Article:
Magna Carta was the result and resolution of longstanding feuds between the British monarchy and its barons. The document was famously signed at Runnymede in 1215, where King John was forced at sword’s point to recognize or concede certain rights to his most powerful subjects. Subsequent monarchs entered more willingly into the agreement.
Some familiar political principles – principles that we recognize today as fundamental to the operations of good government – were first laid down in Magna Carta. For instance, someone accused of a crime should have the right to be confronted by witnesses against him and to be tried by a jury of his peers; and no punishments should be exacted except by due process of law (“unless by the lawful judgment of his peers, or by the law of the land”).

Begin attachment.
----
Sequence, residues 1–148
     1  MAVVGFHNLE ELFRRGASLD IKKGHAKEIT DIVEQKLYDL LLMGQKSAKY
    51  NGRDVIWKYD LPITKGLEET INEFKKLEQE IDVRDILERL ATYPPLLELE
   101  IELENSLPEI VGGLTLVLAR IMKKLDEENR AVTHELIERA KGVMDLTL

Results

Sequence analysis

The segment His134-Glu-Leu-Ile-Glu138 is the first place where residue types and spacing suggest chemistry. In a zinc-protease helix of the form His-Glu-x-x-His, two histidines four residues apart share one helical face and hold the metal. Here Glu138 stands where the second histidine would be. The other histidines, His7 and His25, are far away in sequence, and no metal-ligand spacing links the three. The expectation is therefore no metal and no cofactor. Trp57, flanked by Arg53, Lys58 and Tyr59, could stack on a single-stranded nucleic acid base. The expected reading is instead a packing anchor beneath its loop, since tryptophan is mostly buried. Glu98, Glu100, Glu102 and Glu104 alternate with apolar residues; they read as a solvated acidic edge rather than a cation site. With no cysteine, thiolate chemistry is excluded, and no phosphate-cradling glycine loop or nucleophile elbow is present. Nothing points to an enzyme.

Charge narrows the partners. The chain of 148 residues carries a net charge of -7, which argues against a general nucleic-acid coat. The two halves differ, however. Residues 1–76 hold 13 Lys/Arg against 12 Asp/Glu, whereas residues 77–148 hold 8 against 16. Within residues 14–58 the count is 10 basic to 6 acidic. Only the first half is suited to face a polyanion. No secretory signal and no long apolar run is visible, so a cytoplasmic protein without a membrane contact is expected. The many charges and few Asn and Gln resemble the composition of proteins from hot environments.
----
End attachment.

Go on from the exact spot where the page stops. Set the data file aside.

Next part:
Magna Carta was primarily designed to establish the proper relationship between noblemen and their King, but it would take a few centuries before many of these rights were recognized as the birthright of all freeborn male Englishmen. It would take even longer for women’s rights to be recognized.